DeReef Park

The city sold DeReef Park to a developer who began building homes, but the project hit a snag when a question arose over how the city would compensate for loss of the park. File/Staff

Those with memories of Charleston's neighborhood in and around the former DeReef Park are being asked to share them next week.

The city, Gullah Society and National Park Service will host a "public History Harvest" for DeReef Park and the surrounding neighborhood area on Jan. 19. The event runs from 6-8 p.m. in the third floor conference room at 75 Calhoun St.

It's part of a larger effort to find a suitable replacement park for DeReef, which the city sold to a developer who began building individual homes there. The replacement park is required under federal law because the city used federal grant money to buy and develop DeReef Park in the 1990s.

To ensure that the replacement process complies with the National Historic Preservation Act, the city agreed to research the park and conduct an architectural field survey of the area.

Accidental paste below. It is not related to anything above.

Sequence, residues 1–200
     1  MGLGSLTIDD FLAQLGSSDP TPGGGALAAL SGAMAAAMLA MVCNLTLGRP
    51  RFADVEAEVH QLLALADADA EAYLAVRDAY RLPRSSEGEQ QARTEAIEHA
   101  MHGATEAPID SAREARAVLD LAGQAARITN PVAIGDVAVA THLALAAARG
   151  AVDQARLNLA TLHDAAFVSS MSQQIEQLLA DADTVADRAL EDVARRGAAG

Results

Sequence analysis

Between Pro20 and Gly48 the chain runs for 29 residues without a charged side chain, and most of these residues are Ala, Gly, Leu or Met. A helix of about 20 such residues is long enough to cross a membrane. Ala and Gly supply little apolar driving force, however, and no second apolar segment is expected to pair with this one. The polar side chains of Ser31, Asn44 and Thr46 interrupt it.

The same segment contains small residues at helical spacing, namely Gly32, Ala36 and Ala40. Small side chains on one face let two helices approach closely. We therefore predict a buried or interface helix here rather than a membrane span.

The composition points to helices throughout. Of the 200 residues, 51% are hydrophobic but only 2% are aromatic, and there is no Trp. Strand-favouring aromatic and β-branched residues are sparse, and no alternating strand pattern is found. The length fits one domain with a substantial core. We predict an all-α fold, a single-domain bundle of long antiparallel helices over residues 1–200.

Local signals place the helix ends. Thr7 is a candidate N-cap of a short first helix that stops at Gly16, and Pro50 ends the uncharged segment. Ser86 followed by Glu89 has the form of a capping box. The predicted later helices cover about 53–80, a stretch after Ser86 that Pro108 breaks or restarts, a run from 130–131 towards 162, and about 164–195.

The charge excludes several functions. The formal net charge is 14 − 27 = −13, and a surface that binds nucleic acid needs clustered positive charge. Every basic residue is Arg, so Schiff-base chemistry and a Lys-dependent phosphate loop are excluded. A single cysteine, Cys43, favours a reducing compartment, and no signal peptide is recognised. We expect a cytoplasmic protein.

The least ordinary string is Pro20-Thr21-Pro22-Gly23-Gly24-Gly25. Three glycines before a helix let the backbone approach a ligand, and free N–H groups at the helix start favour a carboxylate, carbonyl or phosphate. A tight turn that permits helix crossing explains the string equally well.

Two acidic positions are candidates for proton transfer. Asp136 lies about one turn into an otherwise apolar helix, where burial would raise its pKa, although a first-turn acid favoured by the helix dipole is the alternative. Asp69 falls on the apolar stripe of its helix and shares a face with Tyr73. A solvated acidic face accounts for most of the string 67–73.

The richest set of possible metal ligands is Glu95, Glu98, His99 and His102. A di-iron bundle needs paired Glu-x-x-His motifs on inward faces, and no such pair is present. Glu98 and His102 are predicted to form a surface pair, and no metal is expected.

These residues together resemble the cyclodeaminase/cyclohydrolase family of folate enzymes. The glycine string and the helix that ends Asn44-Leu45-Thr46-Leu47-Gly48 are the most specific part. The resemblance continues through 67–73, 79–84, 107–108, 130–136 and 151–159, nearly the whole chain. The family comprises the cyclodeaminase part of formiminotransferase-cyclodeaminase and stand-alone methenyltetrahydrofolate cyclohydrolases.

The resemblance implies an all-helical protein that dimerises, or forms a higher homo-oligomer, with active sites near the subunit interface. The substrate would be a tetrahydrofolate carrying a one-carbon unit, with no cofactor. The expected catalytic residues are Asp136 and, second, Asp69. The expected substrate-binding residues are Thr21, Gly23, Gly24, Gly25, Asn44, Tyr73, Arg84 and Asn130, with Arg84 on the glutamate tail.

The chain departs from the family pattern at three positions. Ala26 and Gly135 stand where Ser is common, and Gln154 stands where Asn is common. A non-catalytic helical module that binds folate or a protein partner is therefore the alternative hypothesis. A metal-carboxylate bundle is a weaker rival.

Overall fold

The former park, which sat off Morris Street between Felix and Smith streets, was named after brothers Joseph and Richard Edward DeReef. They bought the land in 1854, and the neighborhood was home to a vibrant African-American community until it began to change in the late 20th century.

Next week's history session will give community members a chance to share stories, photographs, letters, family Bibles and genealogies, certificates, obituaries and old newspaper articles to help create a shared history of DeReef park and the area between Cannon, Morris, Smith and Felix streets. Oral histories will be recorded Thursday, and organizers will have scanners to make digital copies of documents. The city plans to hold a second, similar event in the spring.

Joanna Gilmore with the Gullah Society said next week's event is being held "to ensure that memories and stories are preserved and that they contribute to the understanding of the diverse history of the DeReef Park neighborhood and Charleston as a whole.”

Meanwhile, the question of how the city should compensate for the downsizing of DeReef Park continues to linger.

More than two years into litigation, residents of Cannonborough and Elliottborough still aren't sure when they will see new park space, and the developer of The Gathering at Morris Square has racked up financial losses because the issue has scuttled his ability to sell the new homes. 

Assistant City Attorney Susan Herdina said the city has been working to resolve both the federal lawsuit and the park replacement plan.

“We hope we’re going to get a resolution soon,” she said.

Reach Robert Behre at 843-937-5771 or via Twitter @RobertFBehre.